So these 1956 players, who looked more like store clerks than like athletes, were flailing away with these telephone poles. And then there was Mantle. He didn’t look like any store clerk. He wouldn’t have stood out in a crowd of muscled-up 21st century ballplayers. He was also noticeably quiet in the box — but he also ended every swing, including one that produced a home run, with his head flailing toward the first-base dugout.

Between all the moving parts in their swings and the tree trunks they were lugging around and calling bats, it’s almost a wonder anybody ever got a hit. Then again, it’s hard to picture Larsen getting three consecutive outs against today’s hitters with the stuff he was throwing, never mind 27 in a row.

That was the main impression I got from watching that wonderful 1956 ballgame: These guys couldn’t play worth a damn!

That’s an exaggeration. Of course they were good. They were the best in the world at the time, and given the state of training methods and nutrition, the level of knowledge that had been attained and the lingering effects of segregation, they were as good as they had to be.

Magically transport Duke Snider, who looked to my 21st century eyes like a decent muni-league softball slugger, 50 years into the future and give him the benefits of the various advancements of those 50 years and he’d probably be fine. He might even be Duke Snider. But the Duke Snider who actually played that day in 1956 would have been blown away by a league-average middle reliever from 2008.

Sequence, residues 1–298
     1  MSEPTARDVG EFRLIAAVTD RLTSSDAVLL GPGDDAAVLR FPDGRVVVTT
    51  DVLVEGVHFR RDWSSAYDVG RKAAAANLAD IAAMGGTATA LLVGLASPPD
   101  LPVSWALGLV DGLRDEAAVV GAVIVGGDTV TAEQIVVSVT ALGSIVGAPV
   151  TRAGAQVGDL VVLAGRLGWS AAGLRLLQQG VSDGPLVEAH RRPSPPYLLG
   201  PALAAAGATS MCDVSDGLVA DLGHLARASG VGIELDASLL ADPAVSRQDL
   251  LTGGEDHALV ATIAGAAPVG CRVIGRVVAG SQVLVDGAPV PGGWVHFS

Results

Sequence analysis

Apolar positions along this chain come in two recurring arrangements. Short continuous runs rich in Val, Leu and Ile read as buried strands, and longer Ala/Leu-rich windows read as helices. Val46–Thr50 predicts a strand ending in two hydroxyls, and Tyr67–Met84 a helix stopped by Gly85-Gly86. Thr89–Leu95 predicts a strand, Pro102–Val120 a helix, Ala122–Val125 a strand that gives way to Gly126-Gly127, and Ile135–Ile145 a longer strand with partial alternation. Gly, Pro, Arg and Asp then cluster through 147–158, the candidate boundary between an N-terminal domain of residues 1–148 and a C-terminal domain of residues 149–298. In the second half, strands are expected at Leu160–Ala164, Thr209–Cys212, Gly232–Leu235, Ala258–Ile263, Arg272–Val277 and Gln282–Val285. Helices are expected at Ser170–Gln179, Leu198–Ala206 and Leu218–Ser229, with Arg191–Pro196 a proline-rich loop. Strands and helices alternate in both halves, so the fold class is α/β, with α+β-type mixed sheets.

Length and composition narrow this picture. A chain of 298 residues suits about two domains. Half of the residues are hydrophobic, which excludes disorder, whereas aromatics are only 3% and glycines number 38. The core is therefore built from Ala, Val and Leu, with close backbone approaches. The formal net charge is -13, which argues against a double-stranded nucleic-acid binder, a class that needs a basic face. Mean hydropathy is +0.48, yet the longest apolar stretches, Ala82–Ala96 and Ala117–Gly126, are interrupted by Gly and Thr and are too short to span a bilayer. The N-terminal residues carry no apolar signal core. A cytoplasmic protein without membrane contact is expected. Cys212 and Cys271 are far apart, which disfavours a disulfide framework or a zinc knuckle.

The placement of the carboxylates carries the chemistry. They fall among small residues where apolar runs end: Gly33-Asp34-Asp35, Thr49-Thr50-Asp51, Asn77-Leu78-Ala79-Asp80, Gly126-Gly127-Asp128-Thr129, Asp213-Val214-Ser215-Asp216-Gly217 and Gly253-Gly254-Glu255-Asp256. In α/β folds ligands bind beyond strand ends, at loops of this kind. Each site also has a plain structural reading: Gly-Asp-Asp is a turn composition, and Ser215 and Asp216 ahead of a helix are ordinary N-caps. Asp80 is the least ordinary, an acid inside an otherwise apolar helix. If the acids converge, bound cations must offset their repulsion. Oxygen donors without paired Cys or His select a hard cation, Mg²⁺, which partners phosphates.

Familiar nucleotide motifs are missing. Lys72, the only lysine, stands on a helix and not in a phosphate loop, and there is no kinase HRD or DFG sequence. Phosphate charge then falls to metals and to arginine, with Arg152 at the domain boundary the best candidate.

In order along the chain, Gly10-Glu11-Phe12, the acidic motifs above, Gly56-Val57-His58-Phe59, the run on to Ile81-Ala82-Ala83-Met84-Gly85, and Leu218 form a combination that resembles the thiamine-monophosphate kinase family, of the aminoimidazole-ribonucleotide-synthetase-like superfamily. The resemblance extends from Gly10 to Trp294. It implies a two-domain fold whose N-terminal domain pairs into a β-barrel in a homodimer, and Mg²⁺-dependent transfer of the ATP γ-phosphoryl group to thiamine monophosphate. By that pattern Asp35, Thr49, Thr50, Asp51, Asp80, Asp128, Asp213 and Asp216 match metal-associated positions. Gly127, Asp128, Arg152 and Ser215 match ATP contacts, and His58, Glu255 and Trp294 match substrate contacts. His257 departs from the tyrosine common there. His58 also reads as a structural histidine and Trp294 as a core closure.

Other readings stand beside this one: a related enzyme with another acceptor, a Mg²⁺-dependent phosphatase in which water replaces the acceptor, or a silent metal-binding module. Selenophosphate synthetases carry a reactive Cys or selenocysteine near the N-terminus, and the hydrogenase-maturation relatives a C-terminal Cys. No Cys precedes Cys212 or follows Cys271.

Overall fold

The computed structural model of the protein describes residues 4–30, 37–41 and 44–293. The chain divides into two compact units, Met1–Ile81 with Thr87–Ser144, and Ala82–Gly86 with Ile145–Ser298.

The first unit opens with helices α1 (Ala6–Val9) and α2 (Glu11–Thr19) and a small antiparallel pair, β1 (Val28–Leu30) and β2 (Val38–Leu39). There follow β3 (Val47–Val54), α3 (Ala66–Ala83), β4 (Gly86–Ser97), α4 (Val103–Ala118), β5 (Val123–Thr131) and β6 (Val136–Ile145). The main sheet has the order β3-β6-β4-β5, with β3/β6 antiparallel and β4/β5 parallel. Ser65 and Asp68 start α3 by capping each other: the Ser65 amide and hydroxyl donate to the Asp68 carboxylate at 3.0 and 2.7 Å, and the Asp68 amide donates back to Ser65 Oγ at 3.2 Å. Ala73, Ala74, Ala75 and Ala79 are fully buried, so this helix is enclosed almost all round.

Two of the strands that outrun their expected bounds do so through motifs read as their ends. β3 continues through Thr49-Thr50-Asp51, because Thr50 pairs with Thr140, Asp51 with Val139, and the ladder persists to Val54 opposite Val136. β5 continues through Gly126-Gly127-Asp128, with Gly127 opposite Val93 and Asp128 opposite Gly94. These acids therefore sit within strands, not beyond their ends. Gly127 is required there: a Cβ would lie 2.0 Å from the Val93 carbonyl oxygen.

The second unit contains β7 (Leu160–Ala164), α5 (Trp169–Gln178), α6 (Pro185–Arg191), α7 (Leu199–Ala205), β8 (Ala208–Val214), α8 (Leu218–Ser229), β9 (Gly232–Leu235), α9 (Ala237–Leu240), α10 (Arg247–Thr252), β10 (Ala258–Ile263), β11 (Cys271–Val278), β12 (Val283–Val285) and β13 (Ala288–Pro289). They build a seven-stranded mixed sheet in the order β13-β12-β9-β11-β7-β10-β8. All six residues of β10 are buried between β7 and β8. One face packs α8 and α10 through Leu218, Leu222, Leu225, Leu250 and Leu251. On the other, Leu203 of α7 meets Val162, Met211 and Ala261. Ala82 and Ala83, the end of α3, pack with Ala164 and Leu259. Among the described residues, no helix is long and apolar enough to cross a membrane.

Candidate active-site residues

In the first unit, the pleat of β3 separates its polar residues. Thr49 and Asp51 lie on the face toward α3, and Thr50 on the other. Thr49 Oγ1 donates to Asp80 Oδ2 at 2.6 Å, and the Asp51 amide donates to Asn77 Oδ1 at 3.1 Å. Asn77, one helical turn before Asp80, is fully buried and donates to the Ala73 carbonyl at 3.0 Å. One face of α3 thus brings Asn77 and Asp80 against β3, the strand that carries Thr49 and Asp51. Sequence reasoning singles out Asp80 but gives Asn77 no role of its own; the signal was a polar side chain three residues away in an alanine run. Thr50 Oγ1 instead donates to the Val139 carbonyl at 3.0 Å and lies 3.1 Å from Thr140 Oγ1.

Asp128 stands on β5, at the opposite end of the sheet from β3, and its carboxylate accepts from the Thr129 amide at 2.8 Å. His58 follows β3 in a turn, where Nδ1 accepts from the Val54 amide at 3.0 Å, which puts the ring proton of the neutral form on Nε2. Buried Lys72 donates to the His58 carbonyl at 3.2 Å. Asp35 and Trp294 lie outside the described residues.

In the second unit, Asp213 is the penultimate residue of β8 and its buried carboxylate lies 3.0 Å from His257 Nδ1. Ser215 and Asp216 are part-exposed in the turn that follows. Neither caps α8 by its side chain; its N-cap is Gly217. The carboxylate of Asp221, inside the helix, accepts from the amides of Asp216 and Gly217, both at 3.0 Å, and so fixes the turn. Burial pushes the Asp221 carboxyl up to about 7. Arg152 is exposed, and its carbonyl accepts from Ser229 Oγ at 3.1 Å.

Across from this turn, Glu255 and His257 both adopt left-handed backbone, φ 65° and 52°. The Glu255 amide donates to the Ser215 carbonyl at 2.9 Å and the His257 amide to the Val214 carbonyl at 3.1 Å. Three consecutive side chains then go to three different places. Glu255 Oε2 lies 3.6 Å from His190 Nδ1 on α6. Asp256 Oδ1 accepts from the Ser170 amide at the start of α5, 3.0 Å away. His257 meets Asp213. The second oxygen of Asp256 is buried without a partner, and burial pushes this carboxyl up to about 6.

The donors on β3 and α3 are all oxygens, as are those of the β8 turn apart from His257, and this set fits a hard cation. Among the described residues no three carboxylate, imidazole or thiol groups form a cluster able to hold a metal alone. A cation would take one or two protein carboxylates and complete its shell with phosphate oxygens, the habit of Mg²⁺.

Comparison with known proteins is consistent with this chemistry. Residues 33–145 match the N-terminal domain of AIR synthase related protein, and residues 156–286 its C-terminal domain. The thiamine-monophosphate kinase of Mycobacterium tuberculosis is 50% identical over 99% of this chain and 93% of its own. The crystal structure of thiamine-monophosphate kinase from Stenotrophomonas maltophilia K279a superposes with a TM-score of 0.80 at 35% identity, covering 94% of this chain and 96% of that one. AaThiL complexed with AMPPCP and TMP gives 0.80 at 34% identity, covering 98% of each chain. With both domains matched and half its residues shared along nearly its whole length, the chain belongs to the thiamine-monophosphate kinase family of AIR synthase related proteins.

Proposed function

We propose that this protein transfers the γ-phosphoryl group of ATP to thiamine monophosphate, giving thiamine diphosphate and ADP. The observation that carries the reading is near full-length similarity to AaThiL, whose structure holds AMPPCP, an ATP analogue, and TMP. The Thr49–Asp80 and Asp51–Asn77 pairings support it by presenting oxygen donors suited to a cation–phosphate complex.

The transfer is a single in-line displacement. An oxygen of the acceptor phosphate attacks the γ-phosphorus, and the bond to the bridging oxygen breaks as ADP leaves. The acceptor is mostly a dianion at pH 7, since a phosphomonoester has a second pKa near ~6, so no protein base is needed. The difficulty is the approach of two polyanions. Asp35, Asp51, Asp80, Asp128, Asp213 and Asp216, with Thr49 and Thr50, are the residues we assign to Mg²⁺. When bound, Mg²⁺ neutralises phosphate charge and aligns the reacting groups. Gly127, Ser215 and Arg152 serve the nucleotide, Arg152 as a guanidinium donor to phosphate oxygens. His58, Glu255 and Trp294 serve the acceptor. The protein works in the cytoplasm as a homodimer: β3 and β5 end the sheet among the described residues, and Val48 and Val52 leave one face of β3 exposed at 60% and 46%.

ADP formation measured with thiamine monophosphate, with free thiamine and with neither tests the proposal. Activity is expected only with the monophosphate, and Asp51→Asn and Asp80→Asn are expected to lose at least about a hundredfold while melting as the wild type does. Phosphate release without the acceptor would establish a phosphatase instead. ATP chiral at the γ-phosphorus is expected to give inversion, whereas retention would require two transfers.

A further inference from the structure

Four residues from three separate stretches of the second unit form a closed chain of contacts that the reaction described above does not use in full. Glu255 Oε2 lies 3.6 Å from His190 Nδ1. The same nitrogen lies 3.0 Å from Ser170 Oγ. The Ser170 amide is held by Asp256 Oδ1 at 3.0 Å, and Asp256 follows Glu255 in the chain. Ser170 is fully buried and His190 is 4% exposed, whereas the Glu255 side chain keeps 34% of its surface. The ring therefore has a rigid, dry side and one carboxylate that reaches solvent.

I think anybody who says that today’s pitchers aren’t as good as the old-timers, who calls them wusses for not finishing games or wonders why they get paid millions to put up ERAs like 4.56, ought to be invited to watch a game from 1956. Or pretty much any year before, guessing here, 1975.

Baseball in 1956 is easily recognizable as the game we watch today. But those old-time pitchers really were playing a different game, a much easier one.

King Kaufman is a senior writer for Salon. You can e-mail him at king at salon dot com. Facebook / Twitter / Tumblr

More Related Stories

Featured Slide Shows

  • Share on Twitter
  • Share on Facebook
  • 1 of 13
  • Close
  • Fullscreen
  • Thumbnails

    The 12 most incredible pint-size look-alikes in "Orange Is the New Black" season 3

    DAYA  
    Young Daya has yet to become entirely jaded, but she has the character's trademark skeptical pout down pat. And with a piece-of-work mother like Aleida -- who oscillates between jealousy and scorn for her creatively gifted daughter, chucking out the artwork she brings home from summer camp -- who can blame her?

    The 12 most incredible pint-size look-alikes in "Orange Is the New Black" season 3

    MORELLO   
    With her marriage to prison penpal Vince Muccio, Lorna finally got to wear the white veil she has fantasized about since childhood (even if it was made of toilet paper).

    The 12 most incredible pint-size look-alikes in "Orange Is the New Black" season 3

    CINDY   
    Cindy's embrace of Judaism makes sense when we see her childhood, lived under the fist of a terrifying father who preached a fire-and-brimstone version of Christianity. As she put it: "I was raised in a church where I was told to believe and pray. And if I was bad, I’d go to hell."

    The 12 most incredible pint-size look-alikes in "Orange Is the New Black" season 3

    CAPUTO